'There's no happy ending,' sister of chef's victim says
When the jury announced its guilty verdict against David Viens, the Lomita chef who killed his wife and boiled her body, the victim’s sister buried her face in her hands and sobbed.
Dayna Papin had sat through all eight days of the sometimes-graphic trial, wearing a yellow butterfly pin in memory of her sister, Dawn Viens.
"There's no happy ending. I don't think there [are] any winners or losers," she said Thursday. "Two families have suffered tremendously and we will continue to."
It took only 5 1/2 hours of deliberations for a jury to convict David Viens, 49, who remained stone-faced as the verdict was read Thursday. He faces 15 years to life in prison when he is sentenced in November.
His attorney, Fred McCurry, had argued that Dawn Viens' death was an accident and the story of her disposal was a work of fiction. McCurry declined to comment after the verdict was announced.
One of the couple's friends, Karen Patterson, who testified for the prosecution, told reporters through tears that the week before Dawn Viens died, "Dawn told me he loved her so much and he would never hurt her."
Instead, Patterson said, "He treated her — literally — like a piece of meat and got rid of her."
Juror Tal Erickson said some members of the panel considered convicting Viens of first-degree murder, as the prosecution had sought. But, he said, jurors ultimately decided to accept Viens' story that he never intended to kill his wife.
The prosecution portrayed Viens as an abusive husband who appeared to care little about the disappearance of the woman with whom he had spent 17 years. Patterson testified that in August 2009, when she asked Dawn Viens about marks on her neck, Dawn replied that her husband had choked her.
The next month, Patterson said, her friend called and said she had locked herself in the bathroom to keep her enraged husband at bay. Patterson wanted to call the police. Dawn Viens begged her not to.
"For the rest of my life, I'll wish I would have called," Patterson said Thursday.
On the night of Oct. 18, 2009, according to the couple's friend Todd Stagnitto, Viens was convinced that his wife had been stealing money from their restaurant. "I'll kill that [woman]," Stagnitto quoted him as saying.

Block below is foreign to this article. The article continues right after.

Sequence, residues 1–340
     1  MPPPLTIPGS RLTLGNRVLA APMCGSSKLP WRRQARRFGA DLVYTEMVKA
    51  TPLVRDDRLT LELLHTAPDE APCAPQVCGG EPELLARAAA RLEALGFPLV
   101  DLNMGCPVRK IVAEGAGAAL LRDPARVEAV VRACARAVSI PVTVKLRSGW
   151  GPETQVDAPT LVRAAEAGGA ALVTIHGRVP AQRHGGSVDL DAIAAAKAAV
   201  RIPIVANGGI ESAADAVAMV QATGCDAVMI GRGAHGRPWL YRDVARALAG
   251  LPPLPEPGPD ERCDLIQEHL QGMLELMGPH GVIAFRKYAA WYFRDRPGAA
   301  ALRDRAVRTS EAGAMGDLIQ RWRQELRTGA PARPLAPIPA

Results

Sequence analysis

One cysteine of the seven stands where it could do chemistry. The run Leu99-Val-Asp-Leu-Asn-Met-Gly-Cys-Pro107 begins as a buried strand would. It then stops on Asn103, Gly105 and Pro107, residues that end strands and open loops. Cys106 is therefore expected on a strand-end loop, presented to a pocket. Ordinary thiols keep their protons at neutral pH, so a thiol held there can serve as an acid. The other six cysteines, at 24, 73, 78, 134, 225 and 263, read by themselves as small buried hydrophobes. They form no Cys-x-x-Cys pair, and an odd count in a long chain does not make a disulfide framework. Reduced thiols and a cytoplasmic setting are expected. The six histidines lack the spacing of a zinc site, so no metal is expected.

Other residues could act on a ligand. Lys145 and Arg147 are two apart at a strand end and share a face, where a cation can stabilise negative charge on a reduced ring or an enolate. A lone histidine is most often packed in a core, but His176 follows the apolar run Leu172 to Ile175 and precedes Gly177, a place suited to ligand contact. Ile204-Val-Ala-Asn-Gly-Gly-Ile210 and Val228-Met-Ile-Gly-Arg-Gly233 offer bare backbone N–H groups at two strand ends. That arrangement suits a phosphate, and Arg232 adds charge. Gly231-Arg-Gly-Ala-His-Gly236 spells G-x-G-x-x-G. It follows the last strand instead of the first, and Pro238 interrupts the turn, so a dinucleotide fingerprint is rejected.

Within hours, both sides said, Dawn Viens was dead. In the defense's telling, Viens duct-taped his wife's mouth and bound her hands and feet, as he had done at least twice before to silence her histrionics. Then Viens fell asleep.
Hours later, "I woke up. I panicked," he told investigators. Why? "She was hard."
Convinced that no one would believe the death was an accident, the defense attorney said, Viens tossed the body into a Dumpster at his Lomita restaurant, Thyme Contemporary Cafe.
This version dovetailed with what Viens told his daughter and former girlfriend, both of whom testified for the prosecution, and what he initially told authorities. But, in a second interview, Viens gave them a far more jarring account of what happened to his wife's 105-pound body.
"I cooked her four days, I let her cool, I strained it out," he said.
Some of the mixture ended up in the grease trap, he said, while other remains were tossed in the trash. Though Viens told authorities that he stashed his wife's skull in his mother's attic, he added that he was "confused ... because of these dreams and stuff I've had."
Authorities never found the skull, and a defense expert intimated that the cocktail of drugs that doctors gave Viens could have impaired his memory. McCurry dismissed the cooking story as too fantastic to believe.
"Is it even feasible to boil a body in water?" he asked.
The method Viens told authorities he used to get rid of his wife's body — though gruesome enough to keep some jurors awake at night — wasn't the overriding factor in the jury's decision, Erickson said. "I would think about it and ask, 'Why?'"
-- Ashley Powers